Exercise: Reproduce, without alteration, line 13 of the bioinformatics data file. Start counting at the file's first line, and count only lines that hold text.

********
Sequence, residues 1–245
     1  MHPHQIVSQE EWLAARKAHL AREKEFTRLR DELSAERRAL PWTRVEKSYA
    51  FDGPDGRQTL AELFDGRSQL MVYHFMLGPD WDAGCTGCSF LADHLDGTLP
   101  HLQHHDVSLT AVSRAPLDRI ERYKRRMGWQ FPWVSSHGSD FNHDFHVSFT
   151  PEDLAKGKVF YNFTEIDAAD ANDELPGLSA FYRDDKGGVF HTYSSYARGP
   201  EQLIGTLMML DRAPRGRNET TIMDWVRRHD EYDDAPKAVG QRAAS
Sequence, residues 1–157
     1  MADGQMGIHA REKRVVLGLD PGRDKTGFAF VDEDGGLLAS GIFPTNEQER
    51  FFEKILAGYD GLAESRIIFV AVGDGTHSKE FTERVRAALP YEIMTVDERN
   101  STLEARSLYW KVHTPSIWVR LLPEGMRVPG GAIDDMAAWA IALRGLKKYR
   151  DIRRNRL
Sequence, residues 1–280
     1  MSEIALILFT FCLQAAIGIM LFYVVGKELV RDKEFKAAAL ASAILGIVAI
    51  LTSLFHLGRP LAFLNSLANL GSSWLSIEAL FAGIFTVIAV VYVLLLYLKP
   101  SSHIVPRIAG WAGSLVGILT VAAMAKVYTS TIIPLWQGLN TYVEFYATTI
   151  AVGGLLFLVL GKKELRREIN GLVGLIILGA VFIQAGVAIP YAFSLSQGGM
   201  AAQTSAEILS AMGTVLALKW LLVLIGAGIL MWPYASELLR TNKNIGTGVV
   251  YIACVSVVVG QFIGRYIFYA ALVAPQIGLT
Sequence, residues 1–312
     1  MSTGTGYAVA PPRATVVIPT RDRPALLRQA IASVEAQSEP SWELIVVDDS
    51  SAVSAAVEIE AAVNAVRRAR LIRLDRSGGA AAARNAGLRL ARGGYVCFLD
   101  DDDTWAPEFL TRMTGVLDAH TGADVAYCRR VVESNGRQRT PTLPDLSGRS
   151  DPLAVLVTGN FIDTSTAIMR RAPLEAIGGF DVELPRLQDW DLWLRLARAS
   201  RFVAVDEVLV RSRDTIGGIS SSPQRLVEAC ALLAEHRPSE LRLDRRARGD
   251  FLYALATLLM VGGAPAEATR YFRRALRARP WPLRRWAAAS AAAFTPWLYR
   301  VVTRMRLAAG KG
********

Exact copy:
     1  MSEIALILFT FCLQAAIGIM LFYVVGKELV RDKEFKAAAL ASAILGIVAI